Let’s take a fresh look at James and Paul…specifically, the difference between James chapter two and Paul’s writings in Galatians. To set up background information, it is important to point out that historical scholars have placed Galatians as the first written letter in the New Testament and that James was the second written shortly after Galatians. Before you jump to an erroneous conclusion about where we are headed with this, we do not see James as an epistle of straw as Luther once did. However, we hope to show over the next few posts that the current evangelical interpretation of the phrase “faith without works is dead” is not a good interpretation of what James and Paul meant.
To begin with, realizing that audience relevance is important, let’s first take a look at the two audiences of the respective epistles. Galatians was written to the church in Galatia which was composed of mostly Gentile believers and, James wrote his epistle strictly to the Jewish believers. We can see this by merely looking at the introduction of each epistle. Jas 1:1 James, a servant of God and of the Lord Jesus Christ, To the twelve tribes in the Dispersion: Greetings. Notice that James’ epistle is written solely to the Jews in the dispersion. We can never truly understand a message until we see the cultural and historical context in which it was written and, here is an example of the importance of the Jew – Gentile distinction in this covenantal transition that takes place in the pages of the New Testament. While there is dispute about the exact location of the churches in Galatia, the letter is authentically Paul’s and it is widely thought that the bulk of the church was made up of Celts that lived in the area and so was primarily Gentile.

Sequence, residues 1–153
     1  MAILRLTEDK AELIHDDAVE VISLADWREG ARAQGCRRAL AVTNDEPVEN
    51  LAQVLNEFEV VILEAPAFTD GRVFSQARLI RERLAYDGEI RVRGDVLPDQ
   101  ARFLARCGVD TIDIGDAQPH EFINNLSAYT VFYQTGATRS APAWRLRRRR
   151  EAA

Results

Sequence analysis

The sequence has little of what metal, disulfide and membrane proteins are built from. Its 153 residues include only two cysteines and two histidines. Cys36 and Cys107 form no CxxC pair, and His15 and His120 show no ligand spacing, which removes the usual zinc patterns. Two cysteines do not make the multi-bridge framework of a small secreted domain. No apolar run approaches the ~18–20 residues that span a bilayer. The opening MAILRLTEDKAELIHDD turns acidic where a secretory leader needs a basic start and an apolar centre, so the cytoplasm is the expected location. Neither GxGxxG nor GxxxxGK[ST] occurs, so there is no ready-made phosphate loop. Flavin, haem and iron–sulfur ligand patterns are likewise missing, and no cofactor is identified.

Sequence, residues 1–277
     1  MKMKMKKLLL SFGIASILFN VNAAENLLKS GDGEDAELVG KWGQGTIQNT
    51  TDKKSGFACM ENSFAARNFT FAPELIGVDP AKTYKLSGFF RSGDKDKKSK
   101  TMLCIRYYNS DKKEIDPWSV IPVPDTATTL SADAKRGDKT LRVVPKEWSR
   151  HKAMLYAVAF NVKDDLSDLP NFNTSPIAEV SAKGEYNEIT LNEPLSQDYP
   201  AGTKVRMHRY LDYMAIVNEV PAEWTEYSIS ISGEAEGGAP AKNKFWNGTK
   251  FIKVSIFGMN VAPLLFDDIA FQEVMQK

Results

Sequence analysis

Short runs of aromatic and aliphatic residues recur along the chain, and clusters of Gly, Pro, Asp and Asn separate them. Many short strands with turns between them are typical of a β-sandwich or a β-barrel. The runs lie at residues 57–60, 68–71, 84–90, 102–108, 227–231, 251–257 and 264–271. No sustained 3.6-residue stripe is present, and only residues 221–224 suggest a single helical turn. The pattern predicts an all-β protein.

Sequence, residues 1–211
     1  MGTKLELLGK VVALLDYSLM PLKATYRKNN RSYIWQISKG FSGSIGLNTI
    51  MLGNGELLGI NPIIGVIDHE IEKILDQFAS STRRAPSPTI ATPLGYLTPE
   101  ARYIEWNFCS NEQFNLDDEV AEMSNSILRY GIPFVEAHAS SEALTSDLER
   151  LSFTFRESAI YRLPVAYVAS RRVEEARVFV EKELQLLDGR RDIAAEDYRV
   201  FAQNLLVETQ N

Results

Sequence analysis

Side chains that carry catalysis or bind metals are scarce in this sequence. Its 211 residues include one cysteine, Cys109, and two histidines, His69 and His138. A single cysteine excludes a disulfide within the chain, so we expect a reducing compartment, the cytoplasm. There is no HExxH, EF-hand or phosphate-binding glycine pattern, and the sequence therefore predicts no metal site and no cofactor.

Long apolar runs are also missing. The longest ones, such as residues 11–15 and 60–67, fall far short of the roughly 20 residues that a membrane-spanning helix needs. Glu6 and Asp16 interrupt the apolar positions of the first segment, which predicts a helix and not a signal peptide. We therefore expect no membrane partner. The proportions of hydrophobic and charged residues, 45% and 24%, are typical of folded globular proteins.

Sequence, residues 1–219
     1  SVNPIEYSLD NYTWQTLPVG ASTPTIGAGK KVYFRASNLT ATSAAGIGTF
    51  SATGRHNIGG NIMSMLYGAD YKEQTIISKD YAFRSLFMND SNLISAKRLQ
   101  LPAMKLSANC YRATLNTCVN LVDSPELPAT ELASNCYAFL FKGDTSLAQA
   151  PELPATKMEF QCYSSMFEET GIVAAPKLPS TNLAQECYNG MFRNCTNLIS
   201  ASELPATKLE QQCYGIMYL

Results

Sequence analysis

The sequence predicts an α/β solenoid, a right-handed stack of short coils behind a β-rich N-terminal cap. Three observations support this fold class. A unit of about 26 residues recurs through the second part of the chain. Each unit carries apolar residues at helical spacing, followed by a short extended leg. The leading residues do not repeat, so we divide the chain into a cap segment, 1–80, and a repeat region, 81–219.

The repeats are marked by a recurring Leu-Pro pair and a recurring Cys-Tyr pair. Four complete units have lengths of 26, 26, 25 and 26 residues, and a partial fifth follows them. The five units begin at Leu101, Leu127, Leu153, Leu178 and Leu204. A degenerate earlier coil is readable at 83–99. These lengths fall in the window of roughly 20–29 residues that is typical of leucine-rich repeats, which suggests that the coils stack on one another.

Here is where the Jew – Gentile distinction comes into play. The temple had not been destroyed and there was a reasonable question about whether the Jews were correct or the Christians were correct. In fact, the writer to the Hebrews letter stated the following: Heb 9:7-8 But into the second part the high priest went alone once a year, not without blood, which he offered for himself and for the people's sins committed in ignorance; (8) the Holy Spirit indicating this, that the way into the Holiest of All was not yet made manifest while the first tabernacle was still standing.
Therefore, it is our belief that James was afraid that the letter to the Galatians would influence the believing Jews to reject the Torah. He therefore wrote the letter to the Jews in the dispersion to combat this problem. Now, there is a lot more to looking at what James really meant by the phrase “faith without works is dead” and we will take it up in subsequent posts.